Truth on Trial in Thailand details a 110-year trajectory of lèse majestéprosecutions, “sedition and treason, the press and cinema, anti-communism, contempt of court”, and libel since 1900. This censorship centres on the legal and cultural concept min phraboromdechanuphap––หมิ่นพระบรมเดชานุภาพ.

Also of interest is an interview with David Streckfuss recently published on Prachatai (also on New Mandala). A quote from the interview:

2) Some Thais claim foreigners do not and cannot really understand Thai society. Is your book yet another example of a portrayal of Thai society from a 'naive' outsider's perspective?

These days, I’m not so sure that anyone really understands what’s going on in Thai society—Thai or foreigner. The discourse on Thailand and Thai-ness has drifted into terra incognita and as such perhaps no one has a privileged perspective any more. As for the book, I think it does pretty well in appreciating and characterizing the historical roots of “Thai” perceptions of the truth. The conclusions the book draws are a descriptive analysis of this very “Thai” system confronting modern, largely universal legal norms and human rights discourse. I wouldn’t argue that the book’s perspective is “the right one.” It is merely one perspective, but one that I hope will resonate for some who live in Thailand—both Thai and foreigner—and who sincerely want the best for this country and its people.

The number of lese majeste cases has increased dramatically in recent years. According to Hinke's review, "765 persons were prosecuted for lèse majesté between 2006 and 2009—an average of almost 191 per year—a spectacular increase over the immediate previous decade when there was an average of just five new cases per year." As I have noted previously major international human rights NGOs such as Amnesty International have been reluctant to speak out about the issue. It is essential that journalists, bloggers and human rights activists continue to shine a light on this issue, especially as lese majeste is being used as a political tool to suppress freedom of speech in Siam.

*This post contains Amazon.com affiliate links.

Thursday, June 03, 2010

Monks, protest, nonviolence and violence


Image by Damir Sagolj/Reuters via The Big Picture.

When I first saw the image above on The Big Picture a couple of weeks ago I was deeply disturbed. Without knowing more details about the exact circumstances the photo was taken in it is hard to know exactly why the monk has been restrained. However, the anguished expression on his face clearly shows that he is deeply suffering.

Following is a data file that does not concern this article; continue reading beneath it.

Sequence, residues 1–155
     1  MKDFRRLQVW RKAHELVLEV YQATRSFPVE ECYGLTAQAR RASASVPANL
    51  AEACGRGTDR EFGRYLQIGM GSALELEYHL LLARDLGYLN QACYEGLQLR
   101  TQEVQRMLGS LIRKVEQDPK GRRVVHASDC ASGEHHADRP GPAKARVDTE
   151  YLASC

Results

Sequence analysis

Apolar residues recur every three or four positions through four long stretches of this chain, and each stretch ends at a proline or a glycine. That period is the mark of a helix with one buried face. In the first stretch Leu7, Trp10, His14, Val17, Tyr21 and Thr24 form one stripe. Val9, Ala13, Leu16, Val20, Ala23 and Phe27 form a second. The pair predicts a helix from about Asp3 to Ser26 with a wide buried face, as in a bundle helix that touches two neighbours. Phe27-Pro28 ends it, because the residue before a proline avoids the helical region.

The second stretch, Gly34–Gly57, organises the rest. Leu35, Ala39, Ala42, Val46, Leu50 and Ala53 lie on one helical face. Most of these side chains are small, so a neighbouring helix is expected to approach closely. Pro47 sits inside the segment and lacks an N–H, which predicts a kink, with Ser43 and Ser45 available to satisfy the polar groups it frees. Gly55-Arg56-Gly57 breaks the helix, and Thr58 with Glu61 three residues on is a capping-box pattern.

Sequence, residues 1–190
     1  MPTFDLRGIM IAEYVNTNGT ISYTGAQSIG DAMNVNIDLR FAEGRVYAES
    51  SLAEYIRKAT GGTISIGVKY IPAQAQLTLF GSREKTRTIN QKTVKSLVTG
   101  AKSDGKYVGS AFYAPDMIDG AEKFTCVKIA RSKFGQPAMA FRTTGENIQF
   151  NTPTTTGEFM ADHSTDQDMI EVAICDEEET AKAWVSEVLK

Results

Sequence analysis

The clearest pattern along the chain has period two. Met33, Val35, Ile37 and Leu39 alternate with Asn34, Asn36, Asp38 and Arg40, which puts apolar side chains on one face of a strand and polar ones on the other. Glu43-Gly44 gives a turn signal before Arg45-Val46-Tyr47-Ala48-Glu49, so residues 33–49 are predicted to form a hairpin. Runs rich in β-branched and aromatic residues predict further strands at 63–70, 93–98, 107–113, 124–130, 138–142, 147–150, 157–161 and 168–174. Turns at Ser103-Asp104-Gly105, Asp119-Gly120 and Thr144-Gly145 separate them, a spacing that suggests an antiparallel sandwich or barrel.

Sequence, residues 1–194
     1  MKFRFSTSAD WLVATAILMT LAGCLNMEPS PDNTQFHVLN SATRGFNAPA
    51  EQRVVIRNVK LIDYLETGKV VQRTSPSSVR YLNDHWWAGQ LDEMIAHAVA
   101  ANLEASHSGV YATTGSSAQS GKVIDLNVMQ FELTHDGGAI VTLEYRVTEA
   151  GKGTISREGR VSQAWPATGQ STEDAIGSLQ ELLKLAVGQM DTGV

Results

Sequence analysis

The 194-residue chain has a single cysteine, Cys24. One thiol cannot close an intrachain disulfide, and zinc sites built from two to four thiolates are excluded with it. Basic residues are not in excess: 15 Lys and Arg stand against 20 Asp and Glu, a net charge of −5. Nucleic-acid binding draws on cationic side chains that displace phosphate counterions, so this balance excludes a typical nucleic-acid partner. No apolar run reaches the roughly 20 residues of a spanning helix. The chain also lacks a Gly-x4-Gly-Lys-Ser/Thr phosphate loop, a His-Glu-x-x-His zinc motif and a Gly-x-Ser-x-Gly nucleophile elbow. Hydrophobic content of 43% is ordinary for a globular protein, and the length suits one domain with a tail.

Of course this raises the question of if or how Buddhist monks should participate in mass protests and political movements. I think there are four possible circumstances in which the monks might have participated in the protests.

(1) The monks went to the protest hoping that their presence would have a calming effect and discourage immediate acts of violence.

(2) The monks went to the protest in support of greater democracy and justice and society. They were concerned about addressing issues of structural violence.

(3) The monks were caught by advancing troops and engaged in acts of self-defense to protect themselves and protesters.

(4) The monks were actively involved in the protests and this included joining other protesters in carrying out acts of violence.

Of these four possibilities I believe only the last is unacceptable behaviour for a monk. Others may disagree and say that monks should be apolitical and removed from society. However, standing by silently in the face of injustice is just supporting that injustice. It is the responsibility of monks to come out of the temple and work for a more democratic and just society. Although of course they should use nonviolent means that are in accordance with the Buddha Dharma and their monastic vows.

Sanitsuda Ekachai has written her own thoughts in the Bangkok Post. A quote follows.

What roles should monks play in this politics of hate?

Traditionally, monks are expected to stay out of politics, which led to their general silence against injustice and their inaction for social change. The cleric elders have adopted this stance. But indifference could not be right, could it?

What does Buddhism say about the roles of monks in politics?